Date of Award

1997

Degree Type

Thesis

Degree Name

Bachelor of Arts Honours

Faculty

Faculty of Arts

First Advisor

Dr Gail Lugten

Abstract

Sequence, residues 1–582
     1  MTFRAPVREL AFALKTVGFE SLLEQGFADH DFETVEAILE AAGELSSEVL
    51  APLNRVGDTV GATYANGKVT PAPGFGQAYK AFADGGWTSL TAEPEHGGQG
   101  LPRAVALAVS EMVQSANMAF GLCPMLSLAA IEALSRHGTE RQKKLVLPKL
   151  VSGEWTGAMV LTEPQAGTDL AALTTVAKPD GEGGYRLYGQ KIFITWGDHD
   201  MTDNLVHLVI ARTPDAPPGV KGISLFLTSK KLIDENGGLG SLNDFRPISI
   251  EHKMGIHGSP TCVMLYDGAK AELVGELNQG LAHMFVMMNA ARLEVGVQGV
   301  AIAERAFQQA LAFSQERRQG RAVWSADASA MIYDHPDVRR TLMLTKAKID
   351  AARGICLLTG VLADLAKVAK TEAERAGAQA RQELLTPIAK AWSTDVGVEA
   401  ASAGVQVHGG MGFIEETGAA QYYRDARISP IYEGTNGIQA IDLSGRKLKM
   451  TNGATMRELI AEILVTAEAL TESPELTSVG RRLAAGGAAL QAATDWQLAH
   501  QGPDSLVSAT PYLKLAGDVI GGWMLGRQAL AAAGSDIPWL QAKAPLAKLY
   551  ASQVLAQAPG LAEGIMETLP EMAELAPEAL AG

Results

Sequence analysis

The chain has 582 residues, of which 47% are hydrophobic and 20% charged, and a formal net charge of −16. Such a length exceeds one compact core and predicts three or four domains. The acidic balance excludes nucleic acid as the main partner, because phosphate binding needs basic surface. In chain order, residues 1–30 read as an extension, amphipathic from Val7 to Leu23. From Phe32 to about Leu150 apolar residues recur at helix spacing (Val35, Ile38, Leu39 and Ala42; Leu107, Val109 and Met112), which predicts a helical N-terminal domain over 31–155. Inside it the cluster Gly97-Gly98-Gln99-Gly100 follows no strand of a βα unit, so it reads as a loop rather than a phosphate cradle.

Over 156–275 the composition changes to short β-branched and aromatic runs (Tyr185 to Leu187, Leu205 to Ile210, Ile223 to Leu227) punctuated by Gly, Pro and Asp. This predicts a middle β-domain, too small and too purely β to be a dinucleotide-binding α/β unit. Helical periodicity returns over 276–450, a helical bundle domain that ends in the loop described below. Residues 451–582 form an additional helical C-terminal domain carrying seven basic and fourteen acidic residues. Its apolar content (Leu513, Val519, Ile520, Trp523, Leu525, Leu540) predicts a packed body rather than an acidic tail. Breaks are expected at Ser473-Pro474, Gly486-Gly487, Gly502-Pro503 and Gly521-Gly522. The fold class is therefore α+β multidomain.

The General Assembly of the United Nations, by Resolution, requested the International Court of Justice to give its Advisory Opinion on the following legal question: Is the threat or use of nuclear weapons in any circumstance permitted under Intemational law? The question raises a number of legal, political and moral issues which go to the heart of the development of public international law, and of relations between States in the United Nations era. Central to all such issues is the tension, both legal and political, which exists between the five declared nuclear weapon States (the Permanent Members of the United Nations Security Council) and most non-nuclear weapon States. Essentially, the latter take the view that the threat or use of nuclear weapons should be illegal in all circumstances, largely in terms of the humanitarian laws of armed conflict. The former insist that, in the absence of specific prohibition, nuclear weapons are not illegal in all foreseeable circumstances. This dichotomy has been institutionalised in the 1968 Nuclear Non-proliferation Treaty, which solidified the discriminatory treatment accorded to nuclear weapons by the nuclear weapon States during the Cold War practice of deterrence. The nub of the Court's findings was that it was unable to conclude definitively whether the threat or use of nuclear weapons would be lawful or unlawful in extreme circumstances of self-defence, in which the very survival of a State would be at stake. This thesis examines, in five Chapters, the legal and political background to the Case, the text of the Opinion, and the evidence and argument led by States. It evaluates the Opinion in terms of the Dissenting and other Opinions of individual judges of the Court, its dicta, and the coherence of its argument. Finally, it draws conclusions concerning the outcomes, relevance and impact of the. Opinion for the judicial independence and integrity of the Court; nuclear deterrence, non-proliferation and disarmament; principles of self-defence in international law; and a rights-based approach to international relations and law.

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